Independent Contact Center Consultants: Bridging Strategy, Technology and Operations Since 2004

Technology Optimization: Knowledge Management

knowledge managementKnowledge is power. For contact center representatives, it’s the power to access the right information, the right resources, and/or the right processes to serve customer needs. For customers, it’s the power to get consistent information no matter which channels they use to retrieve it.

There are many different forms of knowledge and job aids across the center and the corporation. These “solutions” present an array of challenges:

  • Home-grown cheat sheets and Post-It notes do not give the center control over content accuracy or relevance.
  • Email updates may not be accessible in a timely fashion when agents need access to that information. Some agents may delete these messages once read (and perhaps forgotten!)
  • Manuals and binders are time-consuming to search and may contain dated information. Shared copies may go missing. Individual copies clutter limited desktop space.
  • Intranet file sharing sites may be difficult to search and house a lot of information that is not relevant to contact handling. Information may not be up-to-date.
  • “Ask a Neighbor” may result in inaccurate or inconsistent responses. “Tribal knowledge” leaves the center when employees pursue other opportunities.

Fortunately, there are some excellent tools to help you rise to the challenge and make a real difference for your company, your agents, and your customers. Here are a few things to consider when choosing your platform.

FIRST: Meet with your CRM provider to understand their approach to KM and its integration with their core offering. A KM tab on the agent desktop could bring up the search capabilities while carrying over details about the customer and current transaction. It could pop relevant information on side panels – e.g., agent scrips, product and service recommendations. And agent training may be simplified as a function of sharing a common user interface.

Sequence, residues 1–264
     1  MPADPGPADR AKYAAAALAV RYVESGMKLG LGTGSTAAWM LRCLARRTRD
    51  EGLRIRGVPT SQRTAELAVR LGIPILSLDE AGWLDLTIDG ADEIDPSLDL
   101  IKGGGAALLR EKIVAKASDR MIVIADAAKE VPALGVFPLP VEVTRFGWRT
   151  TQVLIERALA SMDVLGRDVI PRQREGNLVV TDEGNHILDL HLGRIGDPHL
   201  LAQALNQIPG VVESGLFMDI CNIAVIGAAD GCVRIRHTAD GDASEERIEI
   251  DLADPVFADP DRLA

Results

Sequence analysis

SECOND: Find out which tools you already own support wiki functionality. The latest release of SharePoint is a good place to start. Some learning content management systems (LCMS) also provide KM functionality. Either option could get you up and running quickly. However, make sure that the features it offers are what you really need. You don’t want to jeopardize user acceptance or set yourself up for a painful transition downstream.

THIRD: Check with your IT department to see what level of support they’re prepared to offer. If they are thin on resources, a hosted solution might make sense.

FINALLY: Remember that it takes the right business processes and people to make the investment in technology pay off. Absent supervision, the technology might not be used appropriately, or worse, the contents could become dated, inaccurate, or irrelevant.